HP unveiled its Superdome 2 server and Blade Server

The Hewlett-Packard has unveiled its latest high-end server, the Superdome 2, which is built to run mission-critical applications efficiently in the public and private sectors.
With it, users are assured of a reduced risk of downtime. This is because users can perform their routine maintenance activities without switching off or rebooting the system.
“This ensures maximum availability for mission critical applications,” said Kelvin Khaw, country manager for business-critical systems of enterprise servers, storage and networking at Hewlett-Packard (M) Sdn Bhd.
He said this power-on-once technology also comes with a set of resilient features that help keep mission-critical applications running.
The server also has improved reliability thanks to its Superdome analysis engine, according to HP. The engine proactively checks for errors and automatically corrects and recommends resolutions when needed.
An end-to-end transaction retry feature, meanwhile, optimises and reroutes data traffic to ensure transaction integrity.
Users will also find the Crossbar Fabric feature useful because it has the capability to intelligently route transactions to the fastest, most optimal pathways between blades and input/output devices, said HP. A blade is a self-contained server which collectively fits into an enclosure with other blades.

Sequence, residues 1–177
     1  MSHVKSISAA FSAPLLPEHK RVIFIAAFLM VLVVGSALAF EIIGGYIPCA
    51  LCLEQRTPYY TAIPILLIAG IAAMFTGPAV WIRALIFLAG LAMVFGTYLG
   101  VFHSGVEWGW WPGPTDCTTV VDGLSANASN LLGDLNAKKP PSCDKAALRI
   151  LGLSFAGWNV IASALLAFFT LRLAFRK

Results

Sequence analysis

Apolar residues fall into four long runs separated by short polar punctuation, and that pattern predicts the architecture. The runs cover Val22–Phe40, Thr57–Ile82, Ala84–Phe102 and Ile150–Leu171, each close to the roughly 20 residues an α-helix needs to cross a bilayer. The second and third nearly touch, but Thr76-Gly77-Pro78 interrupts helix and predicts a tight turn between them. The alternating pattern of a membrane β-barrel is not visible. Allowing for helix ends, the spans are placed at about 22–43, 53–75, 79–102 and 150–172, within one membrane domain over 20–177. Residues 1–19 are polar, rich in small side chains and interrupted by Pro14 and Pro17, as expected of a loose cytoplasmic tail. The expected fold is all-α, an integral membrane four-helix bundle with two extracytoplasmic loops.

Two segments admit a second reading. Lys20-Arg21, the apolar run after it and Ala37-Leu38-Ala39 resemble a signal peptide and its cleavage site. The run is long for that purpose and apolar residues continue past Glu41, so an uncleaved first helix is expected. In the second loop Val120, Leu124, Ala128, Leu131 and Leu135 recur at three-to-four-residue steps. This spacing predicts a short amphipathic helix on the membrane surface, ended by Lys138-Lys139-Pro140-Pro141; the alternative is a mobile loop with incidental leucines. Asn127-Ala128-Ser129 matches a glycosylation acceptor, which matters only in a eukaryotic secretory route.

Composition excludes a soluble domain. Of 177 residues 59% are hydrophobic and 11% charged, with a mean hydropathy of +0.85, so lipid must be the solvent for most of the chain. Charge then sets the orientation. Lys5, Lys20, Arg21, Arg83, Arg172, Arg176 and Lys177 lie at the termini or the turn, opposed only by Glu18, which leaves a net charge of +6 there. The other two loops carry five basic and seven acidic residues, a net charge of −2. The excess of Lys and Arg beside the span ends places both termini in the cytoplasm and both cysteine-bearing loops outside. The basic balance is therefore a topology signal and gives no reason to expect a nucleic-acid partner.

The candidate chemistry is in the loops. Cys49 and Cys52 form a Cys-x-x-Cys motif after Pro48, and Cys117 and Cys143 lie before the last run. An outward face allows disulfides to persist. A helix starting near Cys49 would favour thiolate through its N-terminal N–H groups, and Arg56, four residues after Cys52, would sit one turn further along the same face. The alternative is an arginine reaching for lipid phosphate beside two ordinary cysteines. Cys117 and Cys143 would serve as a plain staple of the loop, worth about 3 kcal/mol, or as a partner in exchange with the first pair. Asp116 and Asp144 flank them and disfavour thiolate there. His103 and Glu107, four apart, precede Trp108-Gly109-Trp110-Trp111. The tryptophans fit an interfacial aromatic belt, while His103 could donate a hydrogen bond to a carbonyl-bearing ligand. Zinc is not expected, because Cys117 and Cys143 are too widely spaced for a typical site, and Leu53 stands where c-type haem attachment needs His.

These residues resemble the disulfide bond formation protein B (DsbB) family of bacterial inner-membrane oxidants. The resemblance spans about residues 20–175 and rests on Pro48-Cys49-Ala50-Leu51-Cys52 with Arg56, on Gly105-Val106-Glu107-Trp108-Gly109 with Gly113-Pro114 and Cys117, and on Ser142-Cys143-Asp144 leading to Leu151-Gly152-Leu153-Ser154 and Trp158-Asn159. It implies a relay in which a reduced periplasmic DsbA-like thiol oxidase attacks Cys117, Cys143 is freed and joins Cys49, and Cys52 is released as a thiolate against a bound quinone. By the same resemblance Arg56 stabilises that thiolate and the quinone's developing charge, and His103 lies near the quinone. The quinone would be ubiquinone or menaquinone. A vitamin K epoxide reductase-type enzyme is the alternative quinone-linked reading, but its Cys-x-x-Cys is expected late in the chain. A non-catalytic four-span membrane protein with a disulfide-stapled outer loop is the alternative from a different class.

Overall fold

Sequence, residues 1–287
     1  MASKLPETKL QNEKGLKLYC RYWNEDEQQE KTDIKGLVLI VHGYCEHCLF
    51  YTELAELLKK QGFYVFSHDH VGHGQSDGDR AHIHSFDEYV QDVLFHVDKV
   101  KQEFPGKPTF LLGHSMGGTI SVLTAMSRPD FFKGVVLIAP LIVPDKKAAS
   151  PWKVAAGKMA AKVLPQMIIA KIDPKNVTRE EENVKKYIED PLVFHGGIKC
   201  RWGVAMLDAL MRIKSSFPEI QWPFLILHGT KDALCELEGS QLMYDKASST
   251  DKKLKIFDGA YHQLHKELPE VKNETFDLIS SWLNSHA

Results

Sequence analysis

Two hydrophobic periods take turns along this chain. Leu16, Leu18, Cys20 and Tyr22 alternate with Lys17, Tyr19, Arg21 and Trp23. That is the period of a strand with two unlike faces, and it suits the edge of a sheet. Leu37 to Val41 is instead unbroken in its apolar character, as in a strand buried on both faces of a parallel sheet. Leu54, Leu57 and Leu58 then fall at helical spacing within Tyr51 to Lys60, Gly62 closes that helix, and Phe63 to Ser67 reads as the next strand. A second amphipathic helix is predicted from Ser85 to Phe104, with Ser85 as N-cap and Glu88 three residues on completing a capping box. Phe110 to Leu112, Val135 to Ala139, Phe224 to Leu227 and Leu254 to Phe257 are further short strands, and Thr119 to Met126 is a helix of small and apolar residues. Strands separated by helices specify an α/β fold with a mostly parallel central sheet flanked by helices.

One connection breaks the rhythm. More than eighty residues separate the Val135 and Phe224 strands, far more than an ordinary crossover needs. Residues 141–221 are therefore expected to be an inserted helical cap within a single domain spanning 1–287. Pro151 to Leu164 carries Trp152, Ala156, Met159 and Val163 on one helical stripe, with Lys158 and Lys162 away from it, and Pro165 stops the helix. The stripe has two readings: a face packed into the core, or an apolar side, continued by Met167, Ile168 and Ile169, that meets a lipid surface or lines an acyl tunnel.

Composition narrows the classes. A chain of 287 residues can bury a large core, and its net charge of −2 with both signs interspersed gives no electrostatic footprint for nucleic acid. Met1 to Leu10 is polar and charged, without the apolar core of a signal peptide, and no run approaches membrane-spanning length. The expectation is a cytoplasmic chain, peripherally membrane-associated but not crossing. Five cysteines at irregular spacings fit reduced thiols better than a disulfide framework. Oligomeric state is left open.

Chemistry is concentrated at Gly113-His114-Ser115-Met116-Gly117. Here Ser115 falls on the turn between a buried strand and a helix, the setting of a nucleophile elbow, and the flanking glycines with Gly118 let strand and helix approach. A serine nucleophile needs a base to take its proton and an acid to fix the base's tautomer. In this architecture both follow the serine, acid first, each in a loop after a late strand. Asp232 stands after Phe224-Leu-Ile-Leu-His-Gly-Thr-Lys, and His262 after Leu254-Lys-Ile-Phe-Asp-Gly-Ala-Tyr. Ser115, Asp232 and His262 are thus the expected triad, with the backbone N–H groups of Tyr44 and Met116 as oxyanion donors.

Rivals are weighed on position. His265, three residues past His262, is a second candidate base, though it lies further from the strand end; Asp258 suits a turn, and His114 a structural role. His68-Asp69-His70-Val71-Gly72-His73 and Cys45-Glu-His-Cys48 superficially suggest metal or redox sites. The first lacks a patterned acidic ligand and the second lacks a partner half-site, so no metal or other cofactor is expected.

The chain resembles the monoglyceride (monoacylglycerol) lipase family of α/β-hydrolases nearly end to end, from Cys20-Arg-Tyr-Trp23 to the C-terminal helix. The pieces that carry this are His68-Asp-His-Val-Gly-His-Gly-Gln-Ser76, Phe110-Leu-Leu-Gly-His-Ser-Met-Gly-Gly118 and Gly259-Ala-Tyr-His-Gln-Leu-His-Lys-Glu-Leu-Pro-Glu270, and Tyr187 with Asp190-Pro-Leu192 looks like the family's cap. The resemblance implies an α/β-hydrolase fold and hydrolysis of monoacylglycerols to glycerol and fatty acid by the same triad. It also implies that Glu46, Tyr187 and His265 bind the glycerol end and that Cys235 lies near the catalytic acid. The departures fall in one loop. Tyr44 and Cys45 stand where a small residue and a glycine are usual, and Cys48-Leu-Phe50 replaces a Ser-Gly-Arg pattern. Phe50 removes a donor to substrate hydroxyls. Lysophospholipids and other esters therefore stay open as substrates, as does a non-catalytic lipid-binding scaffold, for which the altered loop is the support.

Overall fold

And to ensure fast processing speeds, the Superdome 2 is equipped with Intel Corp’s quadcore processor — the Itanium 9300.
HP’s new server is expected to be ship in the third quarter of this year. No pricing was announced.
The company also unveiled three Integrity blade servers and the HP-UX 11i v3 Unix operating system.
These blades are BL860c i2, BL870c i2 and BL890c i2. They promise improved flexibility thanks to a Blade Link feature which combines multiple blades to create two-, four- or eight-socket systems that easily scale up and out to meet changing computing needs.
HP said this enables users to consolidate critical applications onto a common platform. The blades are already available in the local market.
The HP-UX 11i v3 operating system has several new features, including an improved energy management system that graphically monitors power consumption. This means users can improve power and thermal planning using policy-based controls.
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